Thanks to Carol McPhee for her brief summary of Process Theology.
In dialogue, science and religion share insights from each field which can enrich or correct the other. Ian Barbour’s Integration takes dialogue a step further, by seeking to create a synthesis of scientific ideas with religious belief.
As examples of integration, Elizabeth Johnson refers to Teilhard de Chardin and Process Theology (see ‘Ask the Beasts’, pages 10-12).
Teilhard de Chardin (1881-1955) was a Jesuit priest and paleontologist who worked to understand evolution and faith. His scientific field work explored the early origins of the human race; his imaginative, mystic writings explored the evolutionary nature of the world and the cosmos.
• Teilhard’s scientific and religious passions came together in his conviction that God works in and through the evolving world. He believed the world is always pressing forward towards its final convergence, in the ‘Omega Point’ – the final resolution of time and space, over which Jesus Christ reigns in love. All human efforts to move toward the Omega Point are holy acts.
• Teilhard’s work has been criticized for giving the evolutionary process an almost linear sense of direction (instead of the messy way evolution lurches forward). He has also been criticized for giving more importance to human destiny than to the future of the whole world. However, his work made a lasting contribution to integrating science with faith in a time when the two existed in watertight compartments.
Process theology has been shaped by fundamental insights from both evolutionary science and Christian religious thought. It developed from the process philosophy of Alfred North Whitehead (1861–1947), Charles Hartshorne (1897–2000) and John Cobb (b. 1925). Today process theologians continue to debate the nature of God, the relationship of God and the world, and immortality.
• God’s immanence: Process theologians understand God to be immanent within the world, rather than directing the world from beyond.
• God in relationship: Process theologians stress God’s continuing, dynamic relationship with all created beings.
• God is the source of novelty in the world: Process theology might be understood to refer to all forms of theology that, for the foundation of existence, look to creative activity rather than passive substance, and to evolutionary becoming rather than changeless enduring.
• God’s power is the power of love and persuasion: God does not control the world or dominate its creatures – including humans – but God’s process works to lure us into the future.
Now let’s look more deeply at how Process Theology tries to integrate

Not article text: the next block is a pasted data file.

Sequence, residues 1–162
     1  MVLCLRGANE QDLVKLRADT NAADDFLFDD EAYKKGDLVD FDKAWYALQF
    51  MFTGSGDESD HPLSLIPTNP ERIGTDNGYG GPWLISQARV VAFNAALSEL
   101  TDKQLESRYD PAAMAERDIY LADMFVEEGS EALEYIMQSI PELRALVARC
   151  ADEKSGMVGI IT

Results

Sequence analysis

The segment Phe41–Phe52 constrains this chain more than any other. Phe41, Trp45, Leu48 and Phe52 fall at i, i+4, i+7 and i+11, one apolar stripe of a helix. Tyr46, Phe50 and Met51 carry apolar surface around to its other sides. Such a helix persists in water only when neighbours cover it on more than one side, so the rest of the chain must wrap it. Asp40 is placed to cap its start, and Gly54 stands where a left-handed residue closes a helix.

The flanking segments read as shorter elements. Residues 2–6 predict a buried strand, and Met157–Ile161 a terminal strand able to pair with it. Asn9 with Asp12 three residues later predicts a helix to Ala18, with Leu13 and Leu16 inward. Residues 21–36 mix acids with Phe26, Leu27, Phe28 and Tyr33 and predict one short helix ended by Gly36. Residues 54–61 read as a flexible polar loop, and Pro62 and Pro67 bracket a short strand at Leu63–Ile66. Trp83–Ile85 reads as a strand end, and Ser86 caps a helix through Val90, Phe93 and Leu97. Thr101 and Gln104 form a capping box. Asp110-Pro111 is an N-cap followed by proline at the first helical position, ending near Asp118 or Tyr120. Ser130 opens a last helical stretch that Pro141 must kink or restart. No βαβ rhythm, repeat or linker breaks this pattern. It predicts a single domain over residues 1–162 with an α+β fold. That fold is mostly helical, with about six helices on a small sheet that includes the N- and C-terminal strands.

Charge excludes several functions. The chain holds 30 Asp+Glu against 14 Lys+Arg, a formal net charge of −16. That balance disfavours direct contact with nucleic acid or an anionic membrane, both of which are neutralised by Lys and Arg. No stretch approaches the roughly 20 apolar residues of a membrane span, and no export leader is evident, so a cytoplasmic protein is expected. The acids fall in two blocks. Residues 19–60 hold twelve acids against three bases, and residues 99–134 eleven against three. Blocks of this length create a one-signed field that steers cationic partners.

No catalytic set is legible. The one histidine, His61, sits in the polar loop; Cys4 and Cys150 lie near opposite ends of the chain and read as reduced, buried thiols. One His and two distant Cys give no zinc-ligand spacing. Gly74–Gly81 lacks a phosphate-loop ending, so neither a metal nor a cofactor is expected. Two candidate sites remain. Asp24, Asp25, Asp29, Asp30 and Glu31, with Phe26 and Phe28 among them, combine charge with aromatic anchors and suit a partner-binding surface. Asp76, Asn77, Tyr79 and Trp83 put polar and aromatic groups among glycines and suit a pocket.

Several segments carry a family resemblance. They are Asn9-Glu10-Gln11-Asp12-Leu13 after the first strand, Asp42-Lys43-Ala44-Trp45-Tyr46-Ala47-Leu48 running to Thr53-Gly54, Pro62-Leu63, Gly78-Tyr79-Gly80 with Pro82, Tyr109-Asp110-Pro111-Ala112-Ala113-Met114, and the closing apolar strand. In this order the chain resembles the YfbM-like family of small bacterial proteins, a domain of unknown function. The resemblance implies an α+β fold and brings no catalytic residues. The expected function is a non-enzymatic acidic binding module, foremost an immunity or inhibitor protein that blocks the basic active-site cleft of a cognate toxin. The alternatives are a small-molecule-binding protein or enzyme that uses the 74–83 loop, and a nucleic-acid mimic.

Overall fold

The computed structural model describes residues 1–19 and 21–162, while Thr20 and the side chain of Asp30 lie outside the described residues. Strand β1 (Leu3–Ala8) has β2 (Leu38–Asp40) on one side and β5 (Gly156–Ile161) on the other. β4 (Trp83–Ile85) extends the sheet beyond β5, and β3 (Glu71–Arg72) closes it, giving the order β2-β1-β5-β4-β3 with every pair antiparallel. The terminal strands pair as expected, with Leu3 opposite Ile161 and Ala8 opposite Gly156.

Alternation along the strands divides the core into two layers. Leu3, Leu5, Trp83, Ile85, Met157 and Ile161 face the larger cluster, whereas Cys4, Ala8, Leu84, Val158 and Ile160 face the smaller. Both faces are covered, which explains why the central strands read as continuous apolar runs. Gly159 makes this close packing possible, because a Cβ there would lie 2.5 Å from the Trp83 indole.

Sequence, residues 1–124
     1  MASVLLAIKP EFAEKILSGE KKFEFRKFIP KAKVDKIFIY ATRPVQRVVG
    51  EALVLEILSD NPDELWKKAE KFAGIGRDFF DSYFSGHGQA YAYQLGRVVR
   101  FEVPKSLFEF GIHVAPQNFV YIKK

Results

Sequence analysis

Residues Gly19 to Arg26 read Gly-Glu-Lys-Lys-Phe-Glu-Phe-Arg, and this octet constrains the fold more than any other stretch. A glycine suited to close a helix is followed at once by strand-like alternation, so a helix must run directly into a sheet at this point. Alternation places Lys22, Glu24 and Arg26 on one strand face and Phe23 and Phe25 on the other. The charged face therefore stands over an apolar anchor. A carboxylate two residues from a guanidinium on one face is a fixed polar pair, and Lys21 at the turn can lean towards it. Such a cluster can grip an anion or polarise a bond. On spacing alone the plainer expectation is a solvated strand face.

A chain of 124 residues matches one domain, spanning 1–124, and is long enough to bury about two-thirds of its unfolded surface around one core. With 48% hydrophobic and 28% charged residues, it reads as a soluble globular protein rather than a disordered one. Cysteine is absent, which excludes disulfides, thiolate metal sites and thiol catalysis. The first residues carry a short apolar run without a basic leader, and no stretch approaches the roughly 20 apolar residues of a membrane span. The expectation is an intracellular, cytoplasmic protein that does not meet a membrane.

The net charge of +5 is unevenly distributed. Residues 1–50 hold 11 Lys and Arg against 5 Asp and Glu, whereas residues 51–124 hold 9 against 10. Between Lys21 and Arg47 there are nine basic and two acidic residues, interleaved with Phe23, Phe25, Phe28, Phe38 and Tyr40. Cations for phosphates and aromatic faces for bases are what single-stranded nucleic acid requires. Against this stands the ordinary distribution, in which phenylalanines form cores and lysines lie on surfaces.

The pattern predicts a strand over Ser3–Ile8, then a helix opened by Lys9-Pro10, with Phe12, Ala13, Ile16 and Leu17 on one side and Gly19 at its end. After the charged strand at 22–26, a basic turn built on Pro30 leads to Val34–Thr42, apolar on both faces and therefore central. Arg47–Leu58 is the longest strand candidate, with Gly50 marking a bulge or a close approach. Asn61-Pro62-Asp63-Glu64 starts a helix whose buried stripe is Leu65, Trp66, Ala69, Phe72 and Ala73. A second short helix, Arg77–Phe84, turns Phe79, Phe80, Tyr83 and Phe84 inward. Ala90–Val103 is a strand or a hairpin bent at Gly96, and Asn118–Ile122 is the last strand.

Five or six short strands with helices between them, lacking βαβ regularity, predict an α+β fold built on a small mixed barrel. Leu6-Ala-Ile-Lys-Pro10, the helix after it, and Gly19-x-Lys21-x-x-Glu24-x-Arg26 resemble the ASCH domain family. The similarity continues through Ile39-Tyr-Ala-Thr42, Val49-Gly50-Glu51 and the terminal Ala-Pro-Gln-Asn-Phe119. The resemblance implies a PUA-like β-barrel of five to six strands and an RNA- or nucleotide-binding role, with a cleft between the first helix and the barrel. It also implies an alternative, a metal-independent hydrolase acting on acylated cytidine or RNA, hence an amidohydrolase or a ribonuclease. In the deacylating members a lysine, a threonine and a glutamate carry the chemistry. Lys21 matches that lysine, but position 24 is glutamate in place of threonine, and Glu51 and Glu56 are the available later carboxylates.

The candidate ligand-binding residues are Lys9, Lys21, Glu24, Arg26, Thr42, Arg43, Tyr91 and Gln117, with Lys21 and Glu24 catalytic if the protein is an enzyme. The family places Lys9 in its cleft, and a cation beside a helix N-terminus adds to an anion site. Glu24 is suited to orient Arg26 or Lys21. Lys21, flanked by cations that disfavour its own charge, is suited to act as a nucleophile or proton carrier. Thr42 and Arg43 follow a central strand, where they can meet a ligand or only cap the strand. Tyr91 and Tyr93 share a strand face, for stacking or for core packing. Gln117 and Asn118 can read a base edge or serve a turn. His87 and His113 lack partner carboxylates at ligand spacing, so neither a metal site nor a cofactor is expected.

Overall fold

religious thought with evolutionary science:
• Human knowledge is regarded as an “organically integrated self-sustaining whole.” No one field is to dominate others. (Rescher, p. 1) *
• The idea of solid and separate things in nature is an illusion. Material objects are made up of energy “in an ongoing state of flux and motion.” What we see as a thing is no more than a momentary stability within endless change, endless process toward something else. (Rescher, p. 30) *
• Since things change, their very nature must include some force or impetus toward internal growth and development. Whitehead suggested that creativity is the fundamental reality.
• A process is a set of related changes. A process is “an organized family of occurrences that are systematically linked to one another either causally or functionally.” It combines what exists in the present with what has come from the past and passes this on into the future. ( Rescher p. 38) *
• But other processes interacting with the first process may bring new possibilities to bear, so the future is not determined by the past, but always indeterminate, in the way that a jazz solo is dependent on the past, but moves on with each note to something new. (This is the novelty Johnson mentions.) Mutations are an example of random occurrences that make the future indeterminate. People have choice and free will or creative spontaneity.
• The world (universe) is one entire unified process (theologians identify this with God) consisting of multiple millions of subordinate smaller processes. These subordinate processes influence each other, they interrelate, have an impact on the development of other processes. Process is not confined to living entities, but to every entity.
• Even the natural laws are in process, because ways of order change as nature evolves. The only permanence is change itself.
Whitehead’s hope was to include every part of human knowledge in his cosmology, and so he concluded his book Process and Reality with a chapter on God. It’s from this chapter that process theology emerged.
• Creativity is the fundamental reality. God is an expression of creativity, containing on the one hand all the possibilities that could come into existence, and on the other all the processes as they become, each moment, actual.
• As possibility, (Whitehead calls this the primordial nature of God) God may have neither feeling nor consciousness, but is the “lure for feeling, the eternal urge of desire.”
• As actuality, (called by Whitehead the consequent nature) God is conscious and present, realizing the entire created universe, entity by entity, with all the beauty, ugliness, joy, suffering, boredom, indifference, love and hate within.
Whitehead says, “ The image under which this operative growth of God’s nature is best conceived is that of a tender care that nothing be lost.” (Process and Reality, p.346) *
* Nicholas Rescher, Process Metaphysics: An Introduction to Process Philosophy, State University of New York Press, 1996
* Alfred North Whitehead, Process and Reality: an Essay in Cosmology, Corrected Edition, The Free Press, 1978.)
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